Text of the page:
"Peter was a leader in our youth ministry who always opened his house for meetings," said longtime friend Carl Moore, an associate pastor at Hope Chapel Kane'ohe Bay.

"Last summer, he singlehandedly put on a free surf contest at Kailua Beach, hustling prizes for our youth group. The contest was held in memory of his friend Jason Bogle, a pro surfer who died two years ago (from cancer).

"He loved his job because he liked to give and help people," Moore added. "He told me that every time he flew, he prayed with the people on his plane."

Miller, who previously worked as a flight instructor, comes from a family of fliers his twin brother, Michael, works for Island Air and his father, Emmett, is a retired Aloha Airlines pilot and his goal was to follow in the footsteps of his father, Moore said.

A colleague described him as an experienced pilot and a flight instructor who had been with Hawai'i Air Ambulance for less than a year. Attempts to reach his father yesterday were unsuccessful.

"It's a humongous loss, a tremendous loss," said Anita Lucas-Legg, the company's chief flight nurse and program director. "Peter was an excellent pilot. I flew with him many times. He will be sorely missed."

Pat Wilson, trauma coordinator for the Mercy Medical Center in Durango, Colo., said Brien Eisaman worked there for about five months as an emergency room nurse. She said he left the job late last year to take the job here with Hawai'i Air Ambulance.

"Brien came to us exceptionally well-qualified from Southern California," Wilson said. "He wanted very much to become a flight nurse and left us, reluctantly, to take the job in Hawai'i." Wilson said Eisaman was not married and did not have children.

Wayne Kruse, field operations supervisor for the Honolulu's Emergency Medical Services division, described Marlena Yomes as a "top-notch paramedic."

"She was probably one of our best, and we were very sorry when she decided to move on" to a different job, Kruse said. "She was an outstanding paramedic."

Patty Dukes, city EMS chief, described Yomes as a "dedicated and caring" paramedic, one who was always passionate about the job and who demonstrated "great care and concern" for the people she helped.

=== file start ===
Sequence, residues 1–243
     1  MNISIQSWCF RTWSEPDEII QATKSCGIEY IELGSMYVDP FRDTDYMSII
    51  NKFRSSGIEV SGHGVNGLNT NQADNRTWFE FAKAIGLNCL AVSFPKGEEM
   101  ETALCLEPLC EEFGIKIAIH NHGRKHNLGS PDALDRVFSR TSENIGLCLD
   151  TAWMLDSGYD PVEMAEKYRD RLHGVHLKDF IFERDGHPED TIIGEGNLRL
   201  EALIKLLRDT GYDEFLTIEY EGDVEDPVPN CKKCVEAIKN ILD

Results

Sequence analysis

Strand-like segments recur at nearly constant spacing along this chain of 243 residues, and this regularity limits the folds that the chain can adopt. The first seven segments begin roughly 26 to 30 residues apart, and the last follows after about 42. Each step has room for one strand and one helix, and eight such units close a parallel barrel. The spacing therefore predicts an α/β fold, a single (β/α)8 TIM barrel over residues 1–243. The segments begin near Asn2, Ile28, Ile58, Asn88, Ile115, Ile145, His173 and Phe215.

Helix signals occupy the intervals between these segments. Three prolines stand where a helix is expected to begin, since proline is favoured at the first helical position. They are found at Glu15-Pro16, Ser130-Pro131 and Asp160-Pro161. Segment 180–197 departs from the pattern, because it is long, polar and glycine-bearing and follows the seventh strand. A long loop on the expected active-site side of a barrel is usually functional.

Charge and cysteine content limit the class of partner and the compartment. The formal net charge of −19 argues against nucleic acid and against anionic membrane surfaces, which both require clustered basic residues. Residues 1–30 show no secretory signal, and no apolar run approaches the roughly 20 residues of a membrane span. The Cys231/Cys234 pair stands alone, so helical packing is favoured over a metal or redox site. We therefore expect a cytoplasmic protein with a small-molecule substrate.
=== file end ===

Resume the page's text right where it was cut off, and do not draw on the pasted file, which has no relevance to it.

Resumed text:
Dukes said Yomes worked as a city paramedic for four or five years before moving to the Mainland with her husband and two children. She said Yomes returned to Hawai'i with her family several years ago and took a private-sector job.

Wednesday's crash was the second fatal incident for the 27-year-old air ambulance company. On Jan. 31, 2004, a Cessna 414A crashed on the Big Island, killing all three on board. Kluger said the timing of the crashes "was not indicative of anything."

The NTSB has not issued a final report on a probable cause of that crash.

The Cessna that crashed Wednesday was purchased to replace the plane that crashed in 2004. It was built in 1978. "No, it was not new but it was in good condition, rarely used," Kluger said.

Kluger said the company has an "excellent safety record" and is regularly inspected by the FAA. "Our maintenance records are of the highest quality in terms of the industry and meeting all federal regulations and standards," he said.

Advertiser Neighbor Island editor Christie Wilson and staff writer Rod Ohira contributed to this report.

Reach Mike Gordon at mgordon@honoluluadvertiser.com and David Waite at dwaite@honoluluadvertiser.com.


Correction: Hawai'i Air Ambulance pilot Peter A. Miller, who died in a crash Wednesday, was a member of Hope Chapel Kane'ohe Bay. A previous version of this story named another church.